I took a creativity test, and this is what it told me

Creative people can come up with ideas that have more “distance” between them. This creativity test measures that distance.

Spoiler alert: Reading this article could change your results for the Divergent Association Task test.

What do “table, Yoga, polymath, she, orbit, kingdom, booger, thought, bowline, and milk” have in common? 

Nothing — except that these words came from my mind, and that apparently makes me pretty creative.

These ten words were my answer to the Divergent Association Task (DAT), which is taking over Twitter as people share their scores. (Don’t worry if you don’t score as high as the Twitter trend. Most people score much lower and tend not to share their results).

I scored 91.8, which is pretty good. I don’t feel as creative as my score implies. But, given that I’m a science writer, I can’t help but trust the numbers: a new study shows that the test is a reliable predictor of creativity. 

How it works: The test is simple: think of ten words that have absolutely nothing in common. 

Inspired by a childhood word game, the test was created by Jay Olson, a PhD grad from McGill University, and a research team from McGill, Harvard, and the University of Melbourne.

“Creativity is fundamental to human life,” Olson said in a statement. “The more we understand its complexity, the better we can foster creativity in all its forms.”

“Creativity is fundamental to human life.”

Jay Olson

Your answer has to be tens nouns, single words, and not proper nouns. Your answers should also be spontaneous and not prompted by things in your surroundings or any forethought. (So, reading this far has likely compromised your test results — sorry, we did warn you!)  

Once you’ve come up with the words and hit “submit,” an algorithm calculates the “semantic distance” between your words, giving you a “creativity score.” 

The more related the words are to each other (e.g., “table” and “chair”), the shorter the semantic difference is. Whereas less related words have a greater distance and a higher score. The two most unrelated words in my list are “table” and “polymath.”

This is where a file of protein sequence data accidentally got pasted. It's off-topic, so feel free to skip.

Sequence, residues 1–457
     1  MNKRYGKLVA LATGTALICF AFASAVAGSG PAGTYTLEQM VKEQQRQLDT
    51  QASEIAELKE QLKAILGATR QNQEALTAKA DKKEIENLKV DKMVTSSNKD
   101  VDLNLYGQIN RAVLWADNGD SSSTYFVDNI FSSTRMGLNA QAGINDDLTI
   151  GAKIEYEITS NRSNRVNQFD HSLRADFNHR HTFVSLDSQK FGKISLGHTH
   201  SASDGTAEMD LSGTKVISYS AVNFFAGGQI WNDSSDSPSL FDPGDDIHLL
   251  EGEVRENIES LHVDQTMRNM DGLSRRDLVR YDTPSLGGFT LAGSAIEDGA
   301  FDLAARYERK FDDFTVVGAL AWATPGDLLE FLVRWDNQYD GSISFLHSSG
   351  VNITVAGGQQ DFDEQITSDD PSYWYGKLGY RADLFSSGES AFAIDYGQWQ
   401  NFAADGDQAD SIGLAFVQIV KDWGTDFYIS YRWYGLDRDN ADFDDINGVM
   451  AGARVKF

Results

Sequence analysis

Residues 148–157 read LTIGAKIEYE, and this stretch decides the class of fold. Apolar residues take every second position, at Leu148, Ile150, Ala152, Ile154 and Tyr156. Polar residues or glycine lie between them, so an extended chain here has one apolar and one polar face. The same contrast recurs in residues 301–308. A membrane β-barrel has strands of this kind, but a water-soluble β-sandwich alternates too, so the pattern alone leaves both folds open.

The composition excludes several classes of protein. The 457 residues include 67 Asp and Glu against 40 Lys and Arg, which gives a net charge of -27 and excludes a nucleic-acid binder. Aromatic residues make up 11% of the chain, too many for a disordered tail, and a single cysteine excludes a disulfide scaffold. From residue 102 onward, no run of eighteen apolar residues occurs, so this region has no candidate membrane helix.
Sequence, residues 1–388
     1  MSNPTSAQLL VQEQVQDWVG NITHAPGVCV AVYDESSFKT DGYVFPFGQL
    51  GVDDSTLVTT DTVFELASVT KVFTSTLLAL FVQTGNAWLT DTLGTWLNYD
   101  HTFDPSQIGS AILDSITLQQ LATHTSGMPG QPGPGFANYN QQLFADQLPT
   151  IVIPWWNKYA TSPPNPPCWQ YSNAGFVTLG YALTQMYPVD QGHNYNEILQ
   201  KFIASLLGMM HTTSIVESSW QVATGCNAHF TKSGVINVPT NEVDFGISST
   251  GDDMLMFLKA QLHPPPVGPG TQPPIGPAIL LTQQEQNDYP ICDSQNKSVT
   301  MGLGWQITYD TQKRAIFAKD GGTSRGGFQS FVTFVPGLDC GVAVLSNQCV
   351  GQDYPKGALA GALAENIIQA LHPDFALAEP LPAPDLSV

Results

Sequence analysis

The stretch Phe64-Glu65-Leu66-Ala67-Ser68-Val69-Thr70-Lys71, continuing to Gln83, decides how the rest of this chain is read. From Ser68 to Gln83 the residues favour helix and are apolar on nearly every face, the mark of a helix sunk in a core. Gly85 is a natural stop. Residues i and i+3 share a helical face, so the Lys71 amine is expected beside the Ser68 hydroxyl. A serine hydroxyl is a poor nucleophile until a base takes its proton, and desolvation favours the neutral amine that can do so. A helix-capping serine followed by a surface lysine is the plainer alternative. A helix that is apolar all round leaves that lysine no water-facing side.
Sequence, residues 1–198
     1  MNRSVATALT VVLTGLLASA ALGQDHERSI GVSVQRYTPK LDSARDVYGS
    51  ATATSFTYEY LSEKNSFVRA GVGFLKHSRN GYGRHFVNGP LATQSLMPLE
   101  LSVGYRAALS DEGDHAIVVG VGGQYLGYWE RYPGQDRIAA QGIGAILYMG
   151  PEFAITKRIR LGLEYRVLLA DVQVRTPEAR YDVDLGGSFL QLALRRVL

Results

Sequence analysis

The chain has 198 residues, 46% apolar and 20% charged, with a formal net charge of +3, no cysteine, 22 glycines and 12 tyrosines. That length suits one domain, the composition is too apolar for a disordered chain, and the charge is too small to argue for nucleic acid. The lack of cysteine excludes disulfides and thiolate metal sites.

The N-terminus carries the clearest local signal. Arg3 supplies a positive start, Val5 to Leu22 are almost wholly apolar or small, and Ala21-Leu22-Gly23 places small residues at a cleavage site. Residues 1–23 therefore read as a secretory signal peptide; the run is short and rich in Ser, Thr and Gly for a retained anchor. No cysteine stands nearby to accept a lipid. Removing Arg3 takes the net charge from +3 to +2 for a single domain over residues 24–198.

The results: Is the test an accurate measure of creativity? The short answer: yes. The DAT results from a 9,000-person research study followed the same patterns as two other standard creativity tests.

One test compared to the DAT was the Alternative Applications Task, which requires participants to come up with new uses for an object, then judges the distance between the known usage and the responses provided, reports Good News Network. 

The second was the Bridge-the-Associative Gap Test, which gives participants two words and asks them to come up with a third word that connects the two. This shows creativity in the opposite direction, by finding the best connections between unrelated words.

 It is more than just a vocabulary test. It can predict a particular type of problem-solving aptitude.

Olson’s study, published in the journal PNAS, shows that the simple test, with objective and automated scoring, can be just as accurate at measuring verbal creativity as the other commonly used tests. And, by testing a group from ages 7 to 70, they found that anyone can be creative — at any age.

The DAT test, as Olson explains to CNN, looks at divergent thinking and verbal creativity. While it isn’t a measure for creativity in the kitchen, it is more than just a vocabulary test. It can predict a particular type of problem-solving aptitude.

“Our task measures only a sliver of one type of creativity,” Olson said. “But these findings enable creativity assessments across larger and more diverse samples with less bias, which will ultimately help us better understand this fundamental human ability.”

We’d love to hear from you! If you have a comment about this article or if you have a tip for a future Freethink story, please email us at [email protected].

Viewing abstract art causes notable cognitive changes
Abstract art causes the viewer to place more psychological distance between themselves and the art than with more typical works.
Idea amplification is the really exciting potential of generative AI
Former OpenAi researcher Kenneth Stanley explores the potential for AI to help us unlock new creativity by turning former dead ends into viable paths forward.
What AI can teach us about copyright and fair use
A copyright lawyer and fair use expert weighs in on the legal implications of these new AI technologies.
A view from the creative frontlines
What can we learn from creatives who have already begun experimenting about with this new wave of generative AI tools about what is to come?
Why artists shouldn’t fear AI
Advancements in generative art have many human artists on edge. But should they be worried?
Up Next
sculpting robots
Subscribe to Freethink for more great stories